A well-organized schedule of appointments (Second rule: don’t keep a journalist waiting!) will allow your marketing executive along with museum and destination spokespeople to provide the key facts and highlights about the museum, as well as paint a broader picture about other offerings for visitors to the area.
Employee Star Power for Museum Marketing
When the new Songbirds Guitar Museum in Chattanooga teamed-up with Grammy-Award winning country artist Vince Gill, coverage for the museum went Platinum.
Vince Gill is hugely popular among the museum’s target audience. With an aim to position Chattanooga as Tennessee’s next live music destination, we brought Gill’s star power to the media along with messaging from the museum’s curator that resulted in 12 million earned media impressions in coverage with top-tier outlets such as The New York Times, People, and USA Today. The city’s growing live music and entertainment scene became a big part of the media coverage for the museum and contributed to a nearly 18 percent increase in visitors to Chattanooga in the months following the opening.
Other ‘star’ examples in museum marketing include Amy Schumer performing for the opening of the National Comedy Center in Jamestown, NY; two-time FIFA Women’s World Cup champion Brandi Chastain participating in events during the opening of the National Soccer Hall of Fame in Frisco, TX; and even celebrity architects such as Frank Gehry, Jean Nouvel, Tadao Ando and others associated with some of the world’s most revered art institutions.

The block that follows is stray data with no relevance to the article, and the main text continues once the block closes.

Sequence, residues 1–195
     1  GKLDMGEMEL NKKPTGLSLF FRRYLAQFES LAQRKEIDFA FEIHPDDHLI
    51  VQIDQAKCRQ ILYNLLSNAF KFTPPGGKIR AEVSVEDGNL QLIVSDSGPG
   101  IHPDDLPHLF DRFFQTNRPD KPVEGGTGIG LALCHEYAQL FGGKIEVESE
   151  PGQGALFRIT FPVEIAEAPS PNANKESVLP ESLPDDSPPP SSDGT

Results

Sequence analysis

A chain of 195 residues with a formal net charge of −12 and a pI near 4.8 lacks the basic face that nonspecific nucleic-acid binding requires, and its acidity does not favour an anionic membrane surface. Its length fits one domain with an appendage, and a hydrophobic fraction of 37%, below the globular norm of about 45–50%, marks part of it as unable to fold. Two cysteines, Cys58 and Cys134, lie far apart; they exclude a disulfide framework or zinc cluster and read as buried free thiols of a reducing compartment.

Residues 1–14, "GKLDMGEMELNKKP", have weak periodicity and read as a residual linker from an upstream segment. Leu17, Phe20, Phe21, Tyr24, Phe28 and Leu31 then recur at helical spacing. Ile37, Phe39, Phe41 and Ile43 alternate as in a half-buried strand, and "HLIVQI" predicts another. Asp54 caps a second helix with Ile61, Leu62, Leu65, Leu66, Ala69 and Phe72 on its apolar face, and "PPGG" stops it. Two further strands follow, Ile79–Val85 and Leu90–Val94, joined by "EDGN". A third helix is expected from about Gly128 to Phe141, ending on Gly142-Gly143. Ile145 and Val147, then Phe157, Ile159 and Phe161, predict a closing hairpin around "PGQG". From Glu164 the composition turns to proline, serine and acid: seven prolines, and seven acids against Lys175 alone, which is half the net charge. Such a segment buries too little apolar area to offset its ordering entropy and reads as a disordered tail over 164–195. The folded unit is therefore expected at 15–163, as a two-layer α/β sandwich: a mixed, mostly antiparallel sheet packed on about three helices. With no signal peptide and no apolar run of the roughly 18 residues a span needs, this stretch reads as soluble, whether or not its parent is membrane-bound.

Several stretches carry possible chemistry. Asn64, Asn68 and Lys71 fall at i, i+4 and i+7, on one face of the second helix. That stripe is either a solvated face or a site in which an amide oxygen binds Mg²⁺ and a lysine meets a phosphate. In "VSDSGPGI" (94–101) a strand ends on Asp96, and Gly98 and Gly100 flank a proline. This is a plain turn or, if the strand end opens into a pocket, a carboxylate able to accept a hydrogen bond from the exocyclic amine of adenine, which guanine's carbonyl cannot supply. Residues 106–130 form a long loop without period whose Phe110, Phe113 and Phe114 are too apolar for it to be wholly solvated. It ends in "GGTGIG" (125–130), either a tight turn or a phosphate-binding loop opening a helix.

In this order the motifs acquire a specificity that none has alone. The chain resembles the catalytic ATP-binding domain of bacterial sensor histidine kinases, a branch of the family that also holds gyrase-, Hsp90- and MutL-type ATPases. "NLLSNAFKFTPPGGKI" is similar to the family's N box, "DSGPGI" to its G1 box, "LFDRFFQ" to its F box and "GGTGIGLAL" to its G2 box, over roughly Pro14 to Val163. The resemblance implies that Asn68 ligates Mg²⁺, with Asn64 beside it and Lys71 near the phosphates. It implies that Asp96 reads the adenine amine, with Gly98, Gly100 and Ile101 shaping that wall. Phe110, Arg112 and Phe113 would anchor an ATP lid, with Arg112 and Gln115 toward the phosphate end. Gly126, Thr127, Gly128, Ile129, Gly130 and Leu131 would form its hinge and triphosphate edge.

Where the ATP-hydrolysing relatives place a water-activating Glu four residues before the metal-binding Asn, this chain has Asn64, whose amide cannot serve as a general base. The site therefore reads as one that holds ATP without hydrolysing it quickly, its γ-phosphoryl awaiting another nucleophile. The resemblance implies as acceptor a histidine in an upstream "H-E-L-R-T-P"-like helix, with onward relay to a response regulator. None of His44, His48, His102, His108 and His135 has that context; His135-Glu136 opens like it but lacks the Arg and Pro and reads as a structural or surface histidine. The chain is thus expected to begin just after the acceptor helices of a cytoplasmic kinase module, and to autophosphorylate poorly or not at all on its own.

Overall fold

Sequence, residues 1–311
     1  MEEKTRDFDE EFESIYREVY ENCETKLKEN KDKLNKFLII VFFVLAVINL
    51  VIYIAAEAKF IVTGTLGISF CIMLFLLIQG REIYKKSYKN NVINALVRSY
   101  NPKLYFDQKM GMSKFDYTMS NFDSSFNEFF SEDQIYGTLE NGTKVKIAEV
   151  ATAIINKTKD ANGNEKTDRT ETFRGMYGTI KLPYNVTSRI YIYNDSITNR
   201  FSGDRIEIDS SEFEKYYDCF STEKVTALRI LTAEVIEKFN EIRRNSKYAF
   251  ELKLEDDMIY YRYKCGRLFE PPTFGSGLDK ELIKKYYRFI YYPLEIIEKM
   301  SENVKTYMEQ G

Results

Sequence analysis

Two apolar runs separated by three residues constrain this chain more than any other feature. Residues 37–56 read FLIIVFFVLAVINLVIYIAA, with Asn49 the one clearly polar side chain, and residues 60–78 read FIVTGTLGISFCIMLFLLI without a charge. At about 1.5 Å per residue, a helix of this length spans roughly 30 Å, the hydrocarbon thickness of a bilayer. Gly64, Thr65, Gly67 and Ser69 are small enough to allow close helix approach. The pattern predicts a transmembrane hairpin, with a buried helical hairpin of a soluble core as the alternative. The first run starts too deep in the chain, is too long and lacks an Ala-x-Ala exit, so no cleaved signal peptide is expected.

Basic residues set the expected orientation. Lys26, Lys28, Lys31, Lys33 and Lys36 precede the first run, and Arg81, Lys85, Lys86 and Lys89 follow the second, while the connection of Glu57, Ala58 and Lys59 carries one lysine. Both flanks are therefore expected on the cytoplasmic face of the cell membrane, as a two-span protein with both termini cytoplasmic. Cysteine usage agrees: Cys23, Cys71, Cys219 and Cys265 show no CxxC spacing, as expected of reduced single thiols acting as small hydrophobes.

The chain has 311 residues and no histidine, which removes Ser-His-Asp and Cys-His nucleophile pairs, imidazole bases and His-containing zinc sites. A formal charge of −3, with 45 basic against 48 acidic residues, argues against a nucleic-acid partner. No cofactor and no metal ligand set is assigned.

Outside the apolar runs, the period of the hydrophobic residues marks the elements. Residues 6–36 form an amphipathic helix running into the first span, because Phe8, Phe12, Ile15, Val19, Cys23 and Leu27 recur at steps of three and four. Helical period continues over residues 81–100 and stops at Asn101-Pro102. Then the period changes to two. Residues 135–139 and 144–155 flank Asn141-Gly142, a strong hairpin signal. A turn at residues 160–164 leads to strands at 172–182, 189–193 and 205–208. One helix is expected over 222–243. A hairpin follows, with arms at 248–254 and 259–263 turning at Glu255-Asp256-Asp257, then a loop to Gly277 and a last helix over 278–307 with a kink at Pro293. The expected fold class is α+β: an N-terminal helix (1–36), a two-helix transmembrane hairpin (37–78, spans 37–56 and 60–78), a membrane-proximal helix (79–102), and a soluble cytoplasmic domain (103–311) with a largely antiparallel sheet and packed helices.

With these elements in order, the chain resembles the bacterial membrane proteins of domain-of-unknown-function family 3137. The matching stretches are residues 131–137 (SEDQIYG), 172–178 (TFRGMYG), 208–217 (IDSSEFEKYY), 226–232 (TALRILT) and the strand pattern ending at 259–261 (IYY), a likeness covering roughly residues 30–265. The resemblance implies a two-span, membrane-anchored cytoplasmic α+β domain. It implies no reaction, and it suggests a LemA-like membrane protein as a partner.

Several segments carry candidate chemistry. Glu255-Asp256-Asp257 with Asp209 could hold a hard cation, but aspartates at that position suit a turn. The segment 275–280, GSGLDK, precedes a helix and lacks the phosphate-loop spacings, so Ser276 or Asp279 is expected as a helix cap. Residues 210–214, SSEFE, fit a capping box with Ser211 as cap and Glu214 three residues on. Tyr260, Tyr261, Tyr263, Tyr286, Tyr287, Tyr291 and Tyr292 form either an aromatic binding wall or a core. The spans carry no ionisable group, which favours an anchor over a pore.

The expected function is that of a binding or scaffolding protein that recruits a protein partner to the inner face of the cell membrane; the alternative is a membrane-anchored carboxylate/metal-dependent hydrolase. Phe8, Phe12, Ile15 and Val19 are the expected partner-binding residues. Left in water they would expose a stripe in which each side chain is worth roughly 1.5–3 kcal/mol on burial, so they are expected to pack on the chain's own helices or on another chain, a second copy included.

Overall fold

Drill Down on Your Target Media
While throwing something at the wall and seeing if it sticks might be the approach for some publicity seekers (and possibly a few artists), we recommend doing in-depth research to uncover the best possible journalists to share your museum’s story.
One way our team has developed its extensive database of journalists and their specific beats is by researching articles that have appeared with similar museums and exhibitions. We also look to target the hometown press of artists who featured in an upcoming exhibit. A simple Google search can bring up plenty of results, complete with journalist bylines. From there, it’s easy to find contact details on a specific writer to add to your pitch list.
Another route is to use the services of a journalist/publicist platform such as Muck Rack. This subscription site enables arts publicists to research writers based on past articles, outlets, beats, and geography, and provides ways to pitch writers directly via email and social media.
Host Local Freelance Writers
Sometimes, your best media ambassadors are the ones closest to home. Reach out locally through your DMO, local Chamber of Commerce, or LinkedIn to connect with freelance writers in your community.
While a local freelance writer may write regularly for the publications where you read your local news, they also have the world of media at their keyboard’s fingertips, with a range of outlets that might be able to take your story to regional, national, and even international publications.
Look for ways to build relationships with local freelancers, through media receptions, roundtables, or a working lunch, and don’t hesitate to ask about their other outlets. By identifying and offering local freelance writers the inside scoop to a new exhibit or other major museum news, your institution can share its story well beyond its city borders.
Interested in learning more about how DCI can help increase awareness about and drive visitors to your art museum or cultural institution? Reach out to [email protected]. We’d love to create a winning strategy for your organization.